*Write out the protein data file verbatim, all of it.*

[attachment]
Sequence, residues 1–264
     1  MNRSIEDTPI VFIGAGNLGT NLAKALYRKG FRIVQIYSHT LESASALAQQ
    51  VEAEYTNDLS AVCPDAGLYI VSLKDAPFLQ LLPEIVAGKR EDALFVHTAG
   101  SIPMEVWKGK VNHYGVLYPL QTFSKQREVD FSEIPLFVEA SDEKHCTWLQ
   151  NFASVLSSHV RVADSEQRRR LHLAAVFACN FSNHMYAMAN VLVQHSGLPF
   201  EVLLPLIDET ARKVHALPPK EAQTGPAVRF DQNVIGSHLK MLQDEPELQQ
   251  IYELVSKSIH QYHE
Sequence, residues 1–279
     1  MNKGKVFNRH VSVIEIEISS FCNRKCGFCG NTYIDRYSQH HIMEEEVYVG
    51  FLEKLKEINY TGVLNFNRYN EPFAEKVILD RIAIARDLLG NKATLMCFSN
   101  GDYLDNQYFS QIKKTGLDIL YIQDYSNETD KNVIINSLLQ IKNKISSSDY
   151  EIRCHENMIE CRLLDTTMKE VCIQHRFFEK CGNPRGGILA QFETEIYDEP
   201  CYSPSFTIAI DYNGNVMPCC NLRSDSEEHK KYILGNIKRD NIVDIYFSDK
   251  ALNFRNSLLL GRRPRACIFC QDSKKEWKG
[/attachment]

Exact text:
Sequence, residues 1–264
     1  MNRSIEDTPI VFIGAGNLGT NLAKALYRKG FRIVQIYSHT LESASALAQQ
    51  VEAEYTNDLS AVCPDAGLYI VSLKDAPFLQ LLPEIVAGKR EDALFVHTAG
   101  SIPMEVWKGK VNHYGVLYPL QTFSKQREVD FSEIPLFVEA SDEKHCTWLQ
   151  NFASVLSSHV RVADSEQRRR LHLAAVFACN FSNHMYAMAN VLVQHSGLPF
   201  EVLLPLIDET ARKVHALPPK EAQTGPAVRF DQNVIGSHLK MLQDEPELQQ
   251  IYELVSKSIH QYHE
Sequence, residues 1–279
     1  MNKGKVFNRH VSVIEIEISS FCNRKCGFCG NTYIDRYSQH HIMEEEVYVG
    51  FLEKLKEINY TGVLNFNRYN EPFAEKVILD RIAIARDLLG NKATLMCFSN
   101  GDYLDNQYFS QIKKTGLDIL YIQDYSNETD KNVIINSLLQ IKNKISSSDY
   151  EIRCHENMIE CRLLDTTMKE VCIQHRFFEK CGNPRGGILA QFETEIYDEP
   201  CYSPSFTIAI DYNGNVMPCC NLRSDSEEHK KYILGNIKRD NIVDIYFSDK
   251  ALNFRNSLLL GRRPRACIFC QDSKKEWKG